I'm feeling betrayed. Some garden areas are not performing, and things need to be fixed.
The first example is a strip of creeping thyme -- Thymus serpyllum 'Alba' -- that holds back a sharp little rise at the top of the driveway. The thyme has rotted out in the middle and looks terrible.
It was a stunner in 2010 when 12 plugs spread out beautifully over the little berm and bloomed. The fragrance of the crushed foliage was delightful, the draping white flowered sweeps were lovely under the roses and I congratulated myself. Well done.
It never looked that good again. Brownish, dry stems and dead material appeared and spread, worse each year.
I think I need to cut out the whole area, put in a low one foot high retaining wall of dry stacked stones to hold back the raised soil at the top of the drive, and be done with the thyme. How I loved it originally, though, before it betrayed me.
I'm not happy with two plumbago plants this year (Plumbago auriculata). They were so pleasing last summer, growing into tall towers that bloomed in light blue phlox-like clusters all summer, forming an arch. They had no support other than flimsy bamboo stakes, and this is what they looked like.
This year I planted two new plumbagos (they are not hardy for me, I need to plant them as annuals), and they have done nothing, despite having these great twig towers to climb up.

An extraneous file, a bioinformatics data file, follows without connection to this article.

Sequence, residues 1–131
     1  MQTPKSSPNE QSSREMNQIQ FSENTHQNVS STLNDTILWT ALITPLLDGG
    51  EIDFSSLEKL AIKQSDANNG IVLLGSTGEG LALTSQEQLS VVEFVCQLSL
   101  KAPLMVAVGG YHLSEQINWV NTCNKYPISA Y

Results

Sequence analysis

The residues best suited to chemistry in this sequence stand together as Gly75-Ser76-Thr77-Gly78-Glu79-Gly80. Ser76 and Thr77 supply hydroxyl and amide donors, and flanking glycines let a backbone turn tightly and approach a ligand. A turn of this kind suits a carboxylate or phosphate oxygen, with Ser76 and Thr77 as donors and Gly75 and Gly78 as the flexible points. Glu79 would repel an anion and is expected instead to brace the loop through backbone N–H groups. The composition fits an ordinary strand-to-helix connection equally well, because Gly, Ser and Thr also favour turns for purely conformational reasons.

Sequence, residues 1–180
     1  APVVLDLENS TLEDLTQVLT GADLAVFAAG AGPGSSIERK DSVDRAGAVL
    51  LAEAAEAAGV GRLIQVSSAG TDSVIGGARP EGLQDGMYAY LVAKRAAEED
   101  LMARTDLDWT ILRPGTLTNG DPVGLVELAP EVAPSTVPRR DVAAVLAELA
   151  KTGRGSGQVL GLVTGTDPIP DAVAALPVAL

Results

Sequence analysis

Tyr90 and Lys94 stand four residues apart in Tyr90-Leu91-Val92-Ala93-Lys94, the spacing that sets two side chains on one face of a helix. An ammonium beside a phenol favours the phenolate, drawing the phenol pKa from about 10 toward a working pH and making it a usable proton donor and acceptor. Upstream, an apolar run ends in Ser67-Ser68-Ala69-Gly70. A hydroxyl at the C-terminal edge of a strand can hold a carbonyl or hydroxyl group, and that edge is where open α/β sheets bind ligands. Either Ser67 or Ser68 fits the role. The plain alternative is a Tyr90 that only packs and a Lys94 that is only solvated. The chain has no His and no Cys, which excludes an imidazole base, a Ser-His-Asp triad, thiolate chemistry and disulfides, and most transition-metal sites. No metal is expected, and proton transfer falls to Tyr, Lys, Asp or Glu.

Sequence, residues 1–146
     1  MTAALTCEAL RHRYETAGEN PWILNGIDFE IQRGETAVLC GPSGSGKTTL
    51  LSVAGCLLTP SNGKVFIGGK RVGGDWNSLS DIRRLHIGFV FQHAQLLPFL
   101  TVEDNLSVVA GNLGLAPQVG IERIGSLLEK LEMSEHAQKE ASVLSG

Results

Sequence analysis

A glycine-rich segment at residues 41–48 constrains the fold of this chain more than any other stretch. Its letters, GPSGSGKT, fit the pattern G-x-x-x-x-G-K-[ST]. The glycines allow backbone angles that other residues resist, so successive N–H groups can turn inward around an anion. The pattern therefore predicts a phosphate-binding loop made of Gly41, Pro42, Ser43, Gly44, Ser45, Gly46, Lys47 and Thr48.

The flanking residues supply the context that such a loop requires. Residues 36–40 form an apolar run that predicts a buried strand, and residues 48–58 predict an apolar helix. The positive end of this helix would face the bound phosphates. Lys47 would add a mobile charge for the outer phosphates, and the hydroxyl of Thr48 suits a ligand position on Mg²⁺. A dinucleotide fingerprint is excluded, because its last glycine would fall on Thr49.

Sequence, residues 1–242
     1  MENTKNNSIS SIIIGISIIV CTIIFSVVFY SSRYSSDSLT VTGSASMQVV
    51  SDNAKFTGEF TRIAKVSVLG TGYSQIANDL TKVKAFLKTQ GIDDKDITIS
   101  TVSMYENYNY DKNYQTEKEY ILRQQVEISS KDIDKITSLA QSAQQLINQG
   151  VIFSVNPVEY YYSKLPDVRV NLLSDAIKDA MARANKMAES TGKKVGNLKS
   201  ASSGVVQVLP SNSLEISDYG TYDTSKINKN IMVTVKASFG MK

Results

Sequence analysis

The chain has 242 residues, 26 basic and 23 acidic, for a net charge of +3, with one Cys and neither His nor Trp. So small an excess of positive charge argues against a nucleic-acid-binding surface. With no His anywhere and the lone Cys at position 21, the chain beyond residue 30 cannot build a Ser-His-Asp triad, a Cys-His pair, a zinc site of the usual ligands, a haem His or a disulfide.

Here they are in August, with nothing to show. They are healthy and green, and they even have a few blue blooms, but have not reached any height and can barely be seen inside the twig towers. Orange nasturtiums threaten them from below.
I think this relationship is doomed, and next year I'll forgo plumbagos and just let the climbing nasturtiums have their way with the towers.
I'm completely unsatisfied with the gooseneck loosestrife (Lysimachia clethroides) this year. I received several clumps from a neighbor (who "had so much, please take some") and I knew enough not to put it in the garden, where they overtake everything. There was a reason why she had so much in her garden.
They went into pots and were great last year.
The arching white spires of gooseneck loosestrife are interesting and pretty, but the golden fall color was a real surprise, very nice, especially in pots.
But this year they have produced no white flowers at all, and are sitting in their pots doing nothing except being green. Are they too crowded in there? They are aggressive spreaders and maybe the pots stunt them. Should I simply put them in the garden and hope they don't take over?
Could that save my relationship with this plant or will I regret it?
As a new gardener I was pretty smug about my lovely creeping thyme, my tall towers of plumbago, and the exuberant potted loosestrife, all wonderful examples of my burgeoning gardening expertise. I formed strong attachments to these successful plants, and was sure they liked me too.
Not this year. Damn fickle plants.